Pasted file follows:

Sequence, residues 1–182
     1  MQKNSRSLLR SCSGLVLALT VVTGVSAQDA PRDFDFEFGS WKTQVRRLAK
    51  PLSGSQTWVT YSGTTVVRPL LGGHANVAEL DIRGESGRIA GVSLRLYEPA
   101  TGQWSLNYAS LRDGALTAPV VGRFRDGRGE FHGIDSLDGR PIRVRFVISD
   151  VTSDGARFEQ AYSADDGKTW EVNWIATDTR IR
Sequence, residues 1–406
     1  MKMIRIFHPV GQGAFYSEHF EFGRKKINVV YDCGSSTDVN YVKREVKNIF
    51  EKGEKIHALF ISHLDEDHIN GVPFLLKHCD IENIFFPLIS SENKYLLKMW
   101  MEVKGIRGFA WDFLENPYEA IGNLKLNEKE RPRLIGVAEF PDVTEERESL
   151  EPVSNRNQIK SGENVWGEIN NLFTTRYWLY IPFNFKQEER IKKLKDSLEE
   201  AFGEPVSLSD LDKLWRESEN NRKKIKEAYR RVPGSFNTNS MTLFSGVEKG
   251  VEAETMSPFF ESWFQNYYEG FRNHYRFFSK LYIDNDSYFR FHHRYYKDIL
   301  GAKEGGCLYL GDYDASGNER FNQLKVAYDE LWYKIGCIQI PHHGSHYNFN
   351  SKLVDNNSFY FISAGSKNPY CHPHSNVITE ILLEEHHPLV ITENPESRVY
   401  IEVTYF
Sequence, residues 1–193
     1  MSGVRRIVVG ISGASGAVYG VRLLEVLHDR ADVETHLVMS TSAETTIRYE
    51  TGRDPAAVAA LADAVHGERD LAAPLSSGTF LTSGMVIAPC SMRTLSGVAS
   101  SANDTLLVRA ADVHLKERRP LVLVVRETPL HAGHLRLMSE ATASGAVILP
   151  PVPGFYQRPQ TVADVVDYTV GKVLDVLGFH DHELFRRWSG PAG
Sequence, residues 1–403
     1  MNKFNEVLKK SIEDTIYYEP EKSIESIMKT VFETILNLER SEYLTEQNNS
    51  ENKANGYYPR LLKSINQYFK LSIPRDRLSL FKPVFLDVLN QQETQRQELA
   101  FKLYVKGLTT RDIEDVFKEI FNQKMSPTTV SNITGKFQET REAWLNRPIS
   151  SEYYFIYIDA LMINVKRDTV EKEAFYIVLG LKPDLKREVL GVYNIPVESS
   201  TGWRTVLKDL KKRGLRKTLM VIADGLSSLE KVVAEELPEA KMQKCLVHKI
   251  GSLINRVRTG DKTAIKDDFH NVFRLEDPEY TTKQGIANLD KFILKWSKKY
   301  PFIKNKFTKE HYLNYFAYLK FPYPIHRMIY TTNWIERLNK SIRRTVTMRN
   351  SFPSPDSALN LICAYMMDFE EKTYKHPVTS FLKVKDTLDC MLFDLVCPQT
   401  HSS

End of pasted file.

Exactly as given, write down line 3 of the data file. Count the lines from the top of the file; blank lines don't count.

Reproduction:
    51  PLSGSQTWVT YSGTTVVRPL LGGHANVAEL DIRGESGRIA GVSLRLYEPA